Struggled with retirement from sport? You’re not alone

I’m not sure I ever could have quit gymnastics, a sport in which I reached the national zone squad. When I see 37-year-old Oksana Chusovitina making the vault final at her sixth Olympic Games in London or 31-year-old British gymnast Lisa Mason returning to gymnastics thirteen years after her last competition, I feel that could have been me – except for one thing. Injury.

A spinal fusion operation stopped me in my tracks at 17, knitting together the stress fracture that was causing more and more pain despite continuing to train on it. I just learned different moves that didn’t hurt so much.

So the decision to “retire” was made for me by my body, but whether it’s your own decision or not, retirement from the sport in which you’ve been cocooned from real life and now been spat out into the real world a little less wiser than most, can be a tricky business.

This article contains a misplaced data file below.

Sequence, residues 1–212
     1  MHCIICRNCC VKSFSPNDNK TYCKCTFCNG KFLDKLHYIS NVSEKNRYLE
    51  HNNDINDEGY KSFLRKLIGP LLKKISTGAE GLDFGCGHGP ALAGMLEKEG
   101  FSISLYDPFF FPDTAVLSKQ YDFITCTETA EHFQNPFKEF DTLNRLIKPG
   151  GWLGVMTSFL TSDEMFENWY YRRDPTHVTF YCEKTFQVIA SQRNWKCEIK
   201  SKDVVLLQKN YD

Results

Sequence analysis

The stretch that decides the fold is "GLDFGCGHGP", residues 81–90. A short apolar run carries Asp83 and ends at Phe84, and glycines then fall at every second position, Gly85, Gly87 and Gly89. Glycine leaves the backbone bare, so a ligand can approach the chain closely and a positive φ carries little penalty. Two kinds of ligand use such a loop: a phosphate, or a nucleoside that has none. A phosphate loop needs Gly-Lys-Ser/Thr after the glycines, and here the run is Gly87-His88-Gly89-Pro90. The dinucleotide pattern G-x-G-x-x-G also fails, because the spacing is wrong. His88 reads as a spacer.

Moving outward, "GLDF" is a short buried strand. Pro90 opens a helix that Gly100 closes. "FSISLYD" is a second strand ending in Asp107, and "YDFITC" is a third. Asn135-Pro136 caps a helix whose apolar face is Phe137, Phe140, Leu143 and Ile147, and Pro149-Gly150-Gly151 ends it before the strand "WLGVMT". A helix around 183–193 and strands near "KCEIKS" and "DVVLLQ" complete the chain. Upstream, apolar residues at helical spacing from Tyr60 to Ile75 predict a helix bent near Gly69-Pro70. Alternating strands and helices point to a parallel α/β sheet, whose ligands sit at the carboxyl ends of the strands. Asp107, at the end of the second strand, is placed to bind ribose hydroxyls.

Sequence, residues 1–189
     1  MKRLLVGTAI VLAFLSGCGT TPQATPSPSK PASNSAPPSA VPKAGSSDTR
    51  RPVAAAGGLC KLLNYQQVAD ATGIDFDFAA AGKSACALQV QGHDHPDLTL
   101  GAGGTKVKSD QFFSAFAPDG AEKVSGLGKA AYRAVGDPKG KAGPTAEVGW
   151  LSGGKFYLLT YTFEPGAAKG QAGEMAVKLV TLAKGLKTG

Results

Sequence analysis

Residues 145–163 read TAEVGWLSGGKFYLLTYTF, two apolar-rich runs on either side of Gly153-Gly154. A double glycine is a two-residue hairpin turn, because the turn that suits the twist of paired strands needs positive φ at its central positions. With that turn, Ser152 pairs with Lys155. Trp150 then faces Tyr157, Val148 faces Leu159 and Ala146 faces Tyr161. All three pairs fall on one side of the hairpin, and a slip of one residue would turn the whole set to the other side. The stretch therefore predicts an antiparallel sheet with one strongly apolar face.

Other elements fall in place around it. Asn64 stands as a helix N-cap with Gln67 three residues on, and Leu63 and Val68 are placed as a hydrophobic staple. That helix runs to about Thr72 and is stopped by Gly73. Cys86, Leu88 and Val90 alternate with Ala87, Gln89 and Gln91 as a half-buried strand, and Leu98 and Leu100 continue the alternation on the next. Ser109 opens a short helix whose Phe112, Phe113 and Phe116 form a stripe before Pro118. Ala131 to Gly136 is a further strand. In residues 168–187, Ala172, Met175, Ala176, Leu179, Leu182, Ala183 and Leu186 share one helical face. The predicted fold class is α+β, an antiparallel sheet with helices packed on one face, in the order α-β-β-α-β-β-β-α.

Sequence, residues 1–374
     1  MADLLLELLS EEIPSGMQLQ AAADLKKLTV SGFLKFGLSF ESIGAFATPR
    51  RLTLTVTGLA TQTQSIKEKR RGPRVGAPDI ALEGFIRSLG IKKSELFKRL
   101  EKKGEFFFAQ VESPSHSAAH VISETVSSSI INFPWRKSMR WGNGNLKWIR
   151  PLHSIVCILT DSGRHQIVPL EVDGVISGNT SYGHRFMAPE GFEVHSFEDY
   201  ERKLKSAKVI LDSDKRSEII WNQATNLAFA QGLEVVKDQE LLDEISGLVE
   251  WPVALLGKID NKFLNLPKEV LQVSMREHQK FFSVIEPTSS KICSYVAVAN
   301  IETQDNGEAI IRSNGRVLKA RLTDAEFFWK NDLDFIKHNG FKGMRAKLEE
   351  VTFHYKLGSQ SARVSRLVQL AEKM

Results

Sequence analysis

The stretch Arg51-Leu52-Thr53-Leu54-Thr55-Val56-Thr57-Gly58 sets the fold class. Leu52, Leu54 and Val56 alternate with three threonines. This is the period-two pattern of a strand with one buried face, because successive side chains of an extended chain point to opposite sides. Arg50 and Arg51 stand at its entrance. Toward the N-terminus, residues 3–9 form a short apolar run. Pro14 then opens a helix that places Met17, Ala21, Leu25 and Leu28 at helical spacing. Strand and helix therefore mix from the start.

Which is why I’ve become involved in The Phoenix Project, a study set up by elite performance coach Rick Cotgreave. A former GB lacrosse player, Rick has also studied yoga and meditation over 20 years giving him a unique holistic approach to better understand athlete experiences of retirement from sport. With this information he anticipates solutions can be found to ease the transition from elite athlete to the real world.

Having finally retired from gymnastics after London 2012, Oksana puts the uncertainty of her life ahead simply. “I’ve got to stop now. I’ve got to try out this normal life first, then I can tell you how I like it.”

Click here to complete the 10-minute survey.


  1. […] Following on from Jo Mersh’s blog post about struggling with retirement from athletics last week, I bring news of a survey specifically targeting retired athletes from all sports, aiming to understand more about the impact of retirement. If you’re a retired athlete, you can find the survey here. There’s a little background here. […]

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